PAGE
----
Give trees a bit of relief with frequent irrigation and kaolin particle film.
By Christopher Vincent
Hurricane Ian caused damage to orange trees, knocking fruit on the ground, twisting and breaking limbs, stripping leaves off trees and flooding soil. Although lots of damage was visible immediately, the after-effects will continue to rear their ugly heads in the months to come, especially as the temperatures warm.
The wind and flooding effects of the hurricane impair the trees’ ability to move water to the leaves. The trees live between the soil and the atmosphere and have to keep up with the demand for water that warm temperatures and sunlight impose on them. The leaves can only photosynthesize when they can keep up with the demand for water, so water management is necessary to strengthen tree recovery. If groves were flooded, the trees’ root systems will be less capable of supplying water and nutrients to the canopy. To make matters worse, twisted branches will also have internal damage and will be less able to move water and the fertilizer it brings from the trunk to the leaves.
The trees can only take up small amounts of water and nutrients at a time, so your goal should be to maintain a constant supply of water to the rootzone. To do this, focus on irrigation frequency. Because sandy soils drain quickly, small quantities once or even twice a day are better than fully saturating the soil every few days.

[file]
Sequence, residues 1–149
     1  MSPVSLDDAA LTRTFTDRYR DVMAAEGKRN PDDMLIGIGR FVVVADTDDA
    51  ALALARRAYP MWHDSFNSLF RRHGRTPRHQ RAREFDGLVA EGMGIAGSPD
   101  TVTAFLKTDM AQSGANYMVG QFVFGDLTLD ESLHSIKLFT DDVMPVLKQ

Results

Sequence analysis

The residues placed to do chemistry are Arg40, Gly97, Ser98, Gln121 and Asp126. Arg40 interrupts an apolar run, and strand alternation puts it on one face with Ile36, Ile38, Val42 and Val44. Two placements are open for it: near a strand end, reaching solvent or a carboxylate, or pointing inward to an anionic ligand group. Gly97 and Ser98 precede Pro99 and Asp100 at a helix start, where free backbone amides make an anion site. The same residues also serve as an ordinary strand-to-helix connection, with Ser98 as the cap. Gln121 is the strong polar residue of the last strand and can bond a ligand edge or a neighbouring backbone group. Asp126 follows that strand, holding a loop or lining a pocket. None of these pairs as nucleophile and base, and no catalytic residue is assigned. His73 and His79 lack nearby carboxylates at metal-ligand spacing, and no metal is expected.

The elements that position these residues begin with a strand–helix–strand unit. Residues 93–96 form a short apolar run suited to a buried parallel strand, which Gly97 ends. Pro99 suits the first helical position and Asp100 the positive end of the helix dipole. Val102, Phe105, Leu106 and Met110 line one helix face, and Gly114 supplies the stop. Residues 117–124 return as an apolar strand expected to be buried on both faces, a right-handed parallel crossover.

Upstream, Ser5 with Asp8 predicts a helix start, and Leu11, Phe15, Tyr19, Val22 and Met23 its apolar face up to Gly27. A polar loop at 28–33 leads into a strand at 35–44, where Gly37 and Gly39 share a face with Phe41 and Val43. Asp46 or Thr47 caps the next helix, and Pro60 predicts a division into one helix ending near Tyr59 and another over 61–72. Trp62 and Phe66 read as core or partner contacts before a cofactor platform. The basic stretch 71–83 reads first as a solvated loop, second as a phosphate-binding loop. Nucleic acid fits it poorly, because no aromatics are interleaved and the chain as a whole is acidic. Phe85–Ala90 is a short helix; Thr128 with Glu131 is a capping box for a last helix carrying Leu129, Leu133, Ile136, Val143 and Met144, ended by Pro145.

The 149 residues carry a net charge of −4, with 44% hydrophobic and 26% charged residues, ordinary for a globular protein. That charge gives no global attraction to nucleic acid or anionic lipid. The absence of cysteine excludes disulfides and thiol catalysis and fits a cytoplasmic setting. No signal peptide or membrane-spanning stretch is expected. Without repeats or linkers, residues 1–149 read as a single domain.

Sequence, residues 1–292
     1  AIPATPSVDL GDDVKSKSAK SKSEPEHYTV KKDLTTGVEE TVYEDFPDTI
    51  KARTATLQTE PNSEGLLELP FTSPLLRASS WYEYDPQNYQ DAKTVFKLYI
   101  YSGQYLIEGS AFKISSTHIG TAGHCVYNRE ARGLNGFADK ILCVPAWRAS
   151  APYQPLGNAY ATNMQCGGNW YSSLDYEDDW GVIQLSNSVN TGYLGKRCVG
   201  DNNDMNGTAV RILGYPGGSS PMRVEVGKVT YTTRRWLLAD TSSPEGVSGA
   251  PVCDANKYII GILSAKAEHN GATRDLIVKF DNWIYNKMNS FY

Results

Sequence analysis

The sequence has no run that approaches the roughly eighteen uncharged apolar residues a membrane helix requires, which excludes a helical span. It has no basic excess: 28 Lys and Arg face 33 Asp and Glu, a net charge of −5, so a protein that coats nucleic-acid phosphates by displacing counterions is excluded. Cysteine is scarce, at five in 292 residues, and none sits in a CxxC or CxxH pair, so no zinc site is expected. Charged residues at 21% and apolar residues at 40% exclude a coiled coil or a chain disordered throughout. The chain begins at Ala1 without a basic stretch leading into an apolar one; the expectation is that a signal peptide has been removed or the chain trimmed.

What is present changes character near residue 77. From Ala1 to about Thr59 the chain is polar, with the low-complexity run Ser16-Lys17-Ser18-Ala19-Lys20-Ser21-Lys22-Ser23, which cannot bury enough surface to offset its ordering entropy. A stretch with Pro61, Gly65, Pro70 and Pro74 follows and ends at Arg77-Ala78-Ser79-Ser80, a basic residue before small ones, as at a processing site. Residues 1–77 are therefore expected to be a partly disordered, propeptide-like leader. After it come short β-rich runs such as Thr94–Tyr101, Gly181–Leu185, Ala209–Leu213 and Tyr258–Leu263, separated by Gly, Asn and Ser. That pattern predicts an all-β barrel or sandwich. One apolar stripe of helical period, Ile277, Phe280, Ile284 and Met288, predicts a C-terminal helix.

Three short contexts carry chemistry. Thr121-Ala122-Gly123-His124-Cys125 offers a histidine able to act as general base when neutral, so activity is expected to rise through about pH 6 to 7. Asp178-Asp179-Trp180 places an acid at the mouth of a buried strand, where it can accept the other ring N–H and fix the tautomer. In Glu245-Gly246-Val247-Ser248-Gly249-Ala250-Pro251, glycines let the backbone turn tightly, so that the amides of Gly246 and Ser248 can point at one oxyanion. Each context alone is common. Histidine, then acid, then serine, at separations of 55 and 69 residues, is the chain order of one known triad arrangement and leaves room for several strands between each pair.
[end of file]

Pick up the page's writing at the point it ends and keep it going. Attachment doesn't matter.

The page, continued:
APPLY PARTICLE FILM
Because most of the environment’s “pull” on the leaves for water comes from sunlight, you can change the environment by applying a particle film to the existing canopy. This will shade and cool the leaves, giving them their best shot of staying on the tree and contributing to recovery. A relatively high dose of particle film is recommended, equivalent to 50 pounds of Surround per acre, using only the white clay. If mixing in a red colorant, use 35 pounds of kaolin per acre.
Christopher Vincent is an assistant professor at the University of Florida Institute of Food and Agricultural Sciences (UF/IFAS) Citrus Research and Education Center in Lake Alfred. If you are willing to help UF/IFAS in its tree recovery assessment, please e-mail the author (email@example.com) your contact information.